Data Assimilation Meetings at Reading

Date Meeting type Speakers
30 October 2013 Internal Speaker Bertrand Bonan (University of Reading)
An ETKF approach for initial state and parameter estimation in ice sheet modelling (pdf)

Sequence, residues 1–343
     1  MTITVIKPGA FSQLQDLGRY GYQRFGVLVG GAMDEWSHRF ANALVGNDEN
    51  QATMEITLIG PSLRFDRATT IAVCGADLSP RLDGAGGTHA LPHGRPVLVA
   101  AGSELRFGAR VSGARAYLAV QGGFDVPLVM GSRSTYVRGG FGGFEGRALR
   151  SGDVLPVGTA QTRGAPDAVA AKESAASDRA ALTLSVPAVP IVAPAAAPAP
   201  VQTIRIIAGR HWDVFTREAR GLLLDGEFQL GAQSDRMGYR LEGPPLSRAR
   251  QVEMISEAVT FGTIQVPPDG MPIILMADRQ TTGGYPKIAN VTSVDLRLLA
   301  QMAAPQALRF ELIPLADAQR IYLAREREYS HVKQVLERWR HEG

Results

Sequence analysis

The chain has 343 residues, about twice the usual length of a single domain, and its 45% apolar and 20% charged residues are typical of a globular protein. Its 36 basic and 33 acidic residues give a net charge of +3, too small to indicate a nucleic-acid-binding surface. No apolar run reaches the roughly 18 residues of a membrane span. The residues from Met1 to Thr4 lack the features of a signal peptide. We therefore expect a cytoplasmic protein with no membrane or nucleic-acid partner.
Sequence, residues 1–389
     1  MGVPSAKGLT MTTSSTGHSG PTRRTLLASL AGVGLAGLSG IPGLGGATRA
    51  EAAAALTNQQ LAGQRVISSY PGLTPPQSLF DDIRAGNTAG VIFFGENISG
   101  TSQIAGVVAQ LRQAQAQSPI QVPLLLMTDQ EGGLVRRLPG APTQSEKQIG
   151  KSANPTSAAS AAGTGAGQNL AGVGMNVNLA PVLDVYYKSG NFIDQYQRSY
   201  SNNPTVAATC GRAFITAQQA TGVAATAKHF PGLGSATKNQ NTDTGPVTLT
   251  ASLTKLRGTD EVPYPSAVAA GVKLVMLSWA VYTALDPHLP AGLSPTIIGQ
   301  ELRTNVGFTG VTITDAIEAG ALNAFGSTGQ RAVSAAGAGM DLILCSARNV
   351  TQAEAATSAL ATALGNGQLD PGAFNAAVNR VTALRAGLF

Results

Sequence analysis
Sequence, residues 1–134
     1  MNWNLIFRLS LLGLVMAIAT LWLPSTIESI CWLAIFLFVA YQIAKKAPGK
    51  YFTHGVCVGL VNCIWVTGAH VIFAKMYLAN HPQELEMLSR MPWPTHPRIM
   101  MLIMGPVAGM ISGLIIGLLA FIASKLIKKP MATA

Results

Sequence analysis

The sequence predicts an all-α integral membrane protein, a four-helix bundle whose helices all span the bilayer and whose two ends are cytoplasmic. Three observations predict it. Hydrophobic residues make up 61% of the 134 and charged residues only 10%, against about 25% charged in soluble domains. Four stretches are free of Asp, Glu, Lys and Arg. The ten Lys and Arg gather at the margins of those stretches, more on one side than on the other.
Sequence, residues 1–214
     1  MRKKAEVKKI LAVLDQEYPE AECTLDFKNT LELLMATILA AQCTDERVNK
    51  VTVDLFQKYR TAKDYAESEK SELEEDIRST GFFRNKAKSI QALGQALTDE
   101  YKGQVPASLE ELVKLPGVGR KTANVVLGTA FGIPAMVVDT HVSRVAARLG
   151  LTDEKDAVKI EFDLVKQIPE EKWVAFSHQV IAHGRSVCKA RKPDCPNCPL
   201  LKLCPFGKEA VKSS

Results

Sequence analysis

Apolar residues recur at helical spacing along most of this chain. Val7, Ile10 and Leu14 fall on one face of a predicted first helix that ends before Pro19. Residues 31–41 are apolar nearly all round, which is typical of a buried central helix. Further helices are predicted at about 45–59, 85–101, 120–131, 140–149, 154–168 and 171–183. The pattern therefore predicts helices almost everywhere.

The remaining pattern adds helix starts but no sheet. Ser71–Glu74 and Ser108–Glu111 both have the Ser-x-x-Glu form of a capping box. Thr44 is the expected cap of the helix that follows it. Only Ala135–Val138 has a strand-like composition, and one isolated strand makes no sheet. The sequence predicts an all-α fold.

A hot topic in ice sheet modelling is to run prognostic simulations over the next 100 years to investigate the impact of Antarctica and Greenland ice sheets on sea level change. Such simulations require an initial state of ice sheets which must be as close as possible to what is currently observed. Large scale ice sheet dynamical models are mostly governed by the following input parameters and variables: basal dragging coefficient, bedrock topography, surface elevation, temperature field. But we do not have satisfying initial states for simulations. Fortunately, some observations are available such as surface and (sparse) bedrock topography, surface velocities, surface elevation trend. The use of inverse methods appears to be the adequate tool to produce satisfying initial states. We use an Ensemble Transform Kalman Filter (ETKF) to infer optimal actual states for ice sheet model initialisation thanks to available observations. As we first want to assess the validity of the method we begin with twin experiments (simulated observations) with a simple flowline large scale model, Winnie, as a first step toward data assimilation for a full 3D ice sheet model. Winnie is an ice sheet model using shallow ice approximation and a basal sliding law. As a flowline model it is a good prototype to valide our methods. Here we try here to retrieve the prescribed following input parameters and variables: basal sliding coefficients, bedrock topography and ice thickness thanks to our simulated observations of surface elevation, surface velocities and sparse bedrock topography. We also run several diagnostics to assess the quality of the recovered parameters.

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